Kauffman Center for the Performing Arts
A towering masterpiece of the classical canon, Beethoven’s “Emperor” Piano Concerto earned that nickname for its unmistakably grand and noble qualities. While Beethoven composed the work when he was confronting deafness, the concerto still exudes pride and heroism — expansive, powerful music refusing to surrender to the misery Beethoven suffered during its composition. Wagner’s four-part series, The Ring of the Nibelung, is the pinnacle of operatic extravagance and indulgence. The Kansas City Symphony presents excerpts from Wagner’s Ring featuring some of the most gargantuan and thrilling episodes of instrumental music from the entire operatic repertoire.
June 2, 2018 – August 12, 2018 | Free
Nelson-Atkins Museum of Art
Over the last 10 years, The Nelson-Atkins Museum of Art has strategically enhanced its world-renowned encyclopedic collection. Unexpected Encounters highlights the significant acquisitions of the last decade and gives visitors a rare opportunity to experience these works in unexpected juxtapositions.
Noteworthy acquisitions including Olafur Eliasson’s The presence of absence (Nuup Kangerlua, 24 September 2015 #3), 2016, Sean Scully’s Landline Tappan, 2015, and an early 20th-century cabinet by Italian designer Carlo Bugatti, will make their debut at the museum in the exhibition. Fan favorites, such as Romare Bearden’s Jazz 1930s – The Savoy, 1964, South Korean artist Lee Lee-Nam’s Four Seasons 2 digital video, 2011, and a pair of Lakota gauntlets, circa 1890, will return to the spotlight in the featured exhibition galleries. With innovative interpretation and interactive activities, the exhibition reveals the behind-the-scenes work of museums while also prompting visitors to consider new ways of experiencing works of art.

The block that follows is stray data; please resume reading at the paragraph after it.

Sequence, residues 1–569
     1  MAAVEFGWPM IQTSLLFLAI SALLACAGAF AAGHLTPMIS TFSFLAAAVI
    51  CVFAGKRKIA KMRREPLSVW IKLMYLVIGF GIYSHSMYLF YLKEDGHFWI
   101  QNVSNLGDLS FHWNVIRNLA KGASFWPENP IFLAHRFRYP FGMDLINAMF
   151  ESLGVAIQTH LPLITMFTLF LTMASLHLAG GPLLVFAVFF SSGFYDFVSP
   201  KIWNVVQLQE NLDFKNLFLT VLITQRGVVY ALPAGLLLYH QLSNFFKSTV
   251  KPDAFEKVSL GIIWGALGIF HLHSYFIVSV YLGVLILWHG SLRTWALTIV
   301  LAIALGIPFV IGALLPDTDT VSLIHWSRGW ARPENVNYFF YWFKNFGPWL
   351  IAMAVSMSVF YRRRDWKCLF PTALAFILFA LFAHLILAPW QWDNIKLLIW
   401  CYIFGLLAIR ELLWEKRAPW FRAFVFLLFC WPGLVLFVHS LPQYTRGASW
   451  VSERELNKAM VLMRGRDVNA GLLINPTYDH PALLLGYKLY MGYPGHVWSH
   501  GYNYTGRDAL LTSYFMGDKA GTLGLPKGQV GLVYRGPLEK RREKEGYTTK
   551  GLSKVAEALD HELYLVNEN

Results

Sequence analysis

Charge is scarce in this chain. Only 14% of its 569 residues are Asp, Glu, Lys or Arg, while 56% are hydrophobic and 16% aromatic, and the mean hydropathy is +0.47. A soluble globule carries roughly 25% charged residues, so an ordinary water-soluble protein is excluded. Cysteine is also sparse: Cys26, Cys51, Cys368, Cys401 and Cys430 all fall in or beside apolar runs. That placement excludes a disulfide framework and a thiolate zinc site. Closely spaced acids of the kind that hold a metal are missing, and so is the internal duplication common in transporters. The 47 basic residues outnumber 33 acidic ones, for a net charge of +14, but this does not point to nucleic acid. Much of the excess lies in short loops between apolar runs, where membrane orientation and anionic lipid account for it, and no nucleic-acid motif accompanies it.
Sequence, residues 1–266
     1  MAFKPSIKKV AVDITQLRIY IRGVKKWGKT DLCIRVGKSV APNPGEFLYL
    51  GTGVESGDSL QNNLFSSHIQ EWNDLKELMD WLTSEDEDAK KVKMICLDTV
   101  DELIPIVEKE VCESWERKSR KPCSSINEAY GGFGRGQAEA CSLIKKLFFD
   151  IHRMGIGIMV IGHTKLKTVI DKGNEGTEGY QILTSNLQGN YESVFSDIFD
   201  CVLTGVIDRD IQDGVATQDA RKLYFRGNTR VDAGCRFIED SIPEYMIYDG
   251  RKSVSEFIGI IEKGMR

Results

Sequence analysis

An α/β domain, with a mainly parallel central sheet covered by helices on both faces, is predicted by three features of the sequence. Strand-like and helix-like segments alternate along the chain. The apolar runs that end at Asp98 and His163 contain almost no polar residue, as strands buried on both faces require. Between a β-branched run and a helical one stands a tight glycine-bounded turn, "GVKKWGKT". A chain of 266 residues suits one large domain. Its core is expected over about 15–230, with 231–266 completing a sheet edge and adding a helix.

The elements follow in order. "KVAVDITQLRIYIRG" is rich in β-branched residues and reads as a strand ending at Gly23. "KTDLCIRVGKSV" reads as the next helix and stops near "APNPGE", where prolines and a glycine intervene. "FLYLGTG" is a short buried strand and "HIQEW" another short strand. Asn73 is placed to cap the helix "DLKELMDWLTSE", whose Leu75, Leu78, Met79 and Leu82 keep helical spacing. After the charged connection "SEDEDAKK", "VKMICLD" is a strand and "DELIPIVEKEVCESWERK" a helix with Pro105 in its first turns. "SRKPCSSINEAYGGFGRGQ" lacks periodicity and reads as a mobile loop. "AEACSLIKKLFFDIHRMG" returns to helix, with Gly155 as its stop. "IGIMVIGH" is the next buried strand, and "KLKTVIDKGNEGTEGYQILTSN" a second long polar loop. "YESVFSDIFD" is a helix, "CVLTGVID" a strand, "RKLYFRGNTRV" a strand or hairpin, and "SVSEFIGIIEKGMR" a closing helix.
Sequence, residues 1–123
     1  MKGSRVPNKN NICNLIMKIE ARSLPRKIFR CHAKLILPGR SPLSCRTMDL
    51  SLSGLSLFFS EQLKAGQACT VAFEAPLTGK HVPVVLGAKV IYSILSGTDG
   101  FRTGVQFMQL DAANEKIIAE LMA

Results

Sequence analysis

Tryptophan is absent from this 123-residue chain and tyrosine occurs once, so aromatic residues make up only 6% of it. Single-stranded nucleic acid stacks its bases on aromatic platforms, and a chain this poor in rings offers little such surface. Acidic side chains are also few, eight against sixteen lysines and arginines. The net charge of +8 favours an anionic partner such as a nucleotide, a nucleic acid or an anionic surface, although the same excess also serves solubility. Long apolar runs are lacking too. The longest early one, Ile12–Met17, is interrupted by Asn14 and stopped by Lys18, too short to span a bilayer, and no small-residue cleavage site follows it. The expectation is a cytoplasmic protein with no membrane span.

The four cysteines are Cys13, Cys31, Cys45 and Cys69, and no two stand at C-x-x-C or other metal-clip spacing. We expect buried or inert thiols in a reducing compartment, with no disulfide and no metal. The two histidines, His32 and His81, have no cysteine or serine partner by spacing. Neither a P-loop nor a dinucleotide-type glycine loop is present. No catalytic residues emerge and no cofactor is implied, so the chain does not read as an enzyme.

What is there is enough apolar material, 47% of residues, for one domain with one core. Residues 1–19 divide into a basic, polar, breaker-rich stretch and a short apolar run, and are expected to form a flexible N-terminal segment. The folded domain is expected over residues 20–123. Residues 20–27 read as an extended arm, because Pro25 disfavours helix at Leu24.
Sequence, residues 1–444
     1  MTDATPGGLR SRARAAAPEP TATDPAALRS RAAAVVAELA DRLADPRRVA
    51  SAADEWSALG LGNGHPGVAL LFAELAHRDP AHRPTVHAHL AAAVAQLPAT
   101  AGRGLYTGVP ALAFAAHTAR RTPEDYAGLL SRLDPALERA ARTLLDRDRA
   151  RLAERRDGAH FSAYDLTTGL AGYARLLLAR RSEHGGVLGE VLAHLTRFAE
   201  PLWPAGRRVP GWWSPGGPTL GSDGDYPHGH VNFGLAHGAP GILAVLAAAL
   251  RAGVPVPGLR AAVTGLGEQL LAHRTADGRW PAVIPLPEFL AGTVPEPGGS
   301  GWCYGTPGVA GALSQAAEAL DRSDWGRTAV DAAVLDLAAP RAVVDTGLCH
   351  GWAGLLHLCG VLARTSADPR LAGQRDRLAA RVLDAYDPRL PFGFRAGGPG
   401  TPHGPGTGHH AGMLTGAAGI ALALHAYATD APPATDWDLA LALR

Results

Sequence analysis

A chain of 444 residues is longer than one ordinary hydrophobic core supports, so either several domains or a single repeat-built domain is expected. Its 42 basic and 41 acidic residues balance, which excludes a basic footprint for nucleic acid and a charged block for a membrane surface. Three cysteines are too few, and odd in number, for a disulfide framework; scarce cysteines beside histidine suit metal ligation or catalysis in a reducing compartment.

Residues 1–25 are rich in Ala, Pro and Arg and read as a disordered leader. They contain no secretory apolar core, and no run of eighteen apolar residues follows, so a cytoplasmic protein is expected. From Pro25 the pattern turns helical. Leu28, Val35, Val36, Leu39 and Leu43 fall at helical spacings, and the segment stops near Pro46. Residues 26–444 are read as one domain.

June 2, 2018 @ 6:30 pm
American Jazz Museum – The Blue Room
The American Jazz Walk of Fame welcomes multiple Grammy-Award winning, saxophonist David Sanborn, Grammy-nominated recording artist and musical treasure, Marilyn Maye, and the Grammy-nominated R&B, gospel and pop singer and winner of American Idol’s second season, Ruben Studdard, following the 2018 induction of legends who have contributed to the jazz culture of Kansas City and the world.
For the fifth year, we will immortalize the names of jazz legends in 30-inch bronze medallions installed in the sidewalks on 18th Street, in the Historic 18th & Vine Jazz District. The ultimate vision is the Historic Jazz District’s sidewalks paved in bronze as a walking, living jazz history tour. The induction ceremony is free and open to the public and takes place outside in front of the medallion installation location on 18th street.